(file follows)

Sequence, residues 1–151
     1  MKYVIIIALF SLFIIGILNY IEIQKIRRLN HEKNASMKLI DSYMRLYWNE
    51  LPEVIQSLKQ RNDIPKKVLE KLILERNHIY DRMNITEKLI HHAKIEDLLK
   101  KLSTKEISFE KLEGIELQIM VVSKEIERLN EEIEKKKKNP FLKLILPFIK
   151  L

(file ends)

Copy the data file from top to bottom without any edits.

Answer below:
Sequence, residues 1–151
     1  MKYVIIIALF SLFIIGILNY IEIQKIRRLN HEKNASMKLI DSYMRLYWNE
    51  LPEVIQSLKQ RNDIPKKVLE KLILERNHIY DRMNITEKLI HHAKIEDLLK
   101  KLSTKEISFE KLEGIELQIM VVSKEIERLN EEIEKKKKNP FLKLILPFIK
   151  L